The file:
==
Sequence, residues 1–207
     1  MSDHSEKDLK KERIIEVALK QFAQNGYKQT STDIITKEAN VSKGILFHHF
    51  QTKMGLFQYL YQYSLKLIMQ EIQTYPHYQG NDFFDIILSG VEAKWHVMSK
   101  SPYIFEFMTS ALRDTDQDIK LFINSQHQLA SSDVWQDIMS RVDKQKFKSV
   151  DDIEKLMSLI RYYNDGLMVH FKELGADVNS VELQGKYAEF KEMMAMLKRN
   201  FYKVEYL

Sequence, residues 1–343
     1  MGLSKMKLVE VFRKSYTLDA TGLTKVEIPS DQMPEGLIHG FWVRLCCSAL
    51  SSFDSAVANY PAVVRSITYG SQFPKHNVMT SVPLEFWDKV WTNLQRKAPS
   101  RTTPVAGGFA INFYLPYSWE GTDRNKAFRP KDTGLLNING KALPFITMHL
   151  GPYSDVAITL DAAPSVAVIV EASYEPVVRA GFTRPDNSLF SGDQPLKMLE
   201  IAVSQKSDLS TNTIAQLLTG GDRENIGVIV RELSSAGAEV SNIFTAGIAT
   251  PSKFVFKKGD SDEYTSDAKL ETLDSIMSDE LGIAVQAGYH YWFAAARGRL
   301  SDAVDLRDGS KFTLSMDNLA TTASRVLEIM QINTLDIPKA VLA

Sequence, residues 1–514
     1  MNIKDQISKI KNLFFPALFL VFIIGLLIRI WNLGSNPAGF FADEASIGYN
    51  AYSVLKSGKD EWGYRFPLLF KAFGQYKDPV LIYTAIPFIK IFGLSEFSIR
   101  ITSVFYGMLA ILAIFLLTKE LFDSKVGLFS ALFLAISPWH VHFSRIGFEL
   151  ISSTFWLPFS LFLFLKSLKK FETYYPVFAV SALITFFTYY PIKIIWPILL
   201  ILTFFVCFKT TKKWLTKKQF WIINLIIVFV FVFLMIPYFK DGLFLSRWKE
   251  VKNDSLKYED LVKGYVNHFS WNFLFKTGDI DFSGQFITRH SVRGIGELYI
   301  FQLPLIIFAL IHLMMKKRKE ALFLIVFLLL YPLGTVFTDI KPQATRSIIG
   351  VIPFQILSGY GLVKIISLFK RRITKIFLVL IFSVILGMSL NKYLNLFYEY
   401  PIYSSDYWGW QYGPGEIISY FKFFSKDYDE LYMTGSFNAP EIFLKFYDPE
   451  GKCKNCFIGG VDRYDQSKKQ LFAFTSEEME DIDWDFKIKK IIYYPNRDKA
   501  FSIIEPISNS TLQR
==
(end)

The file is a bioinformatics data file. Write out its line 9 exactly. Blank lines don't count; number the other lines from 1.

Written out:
    51  SSFDSAVANY PAVVRSITYG SQFPKHNVMT SVPLEFWDKV WTNLQRKAPS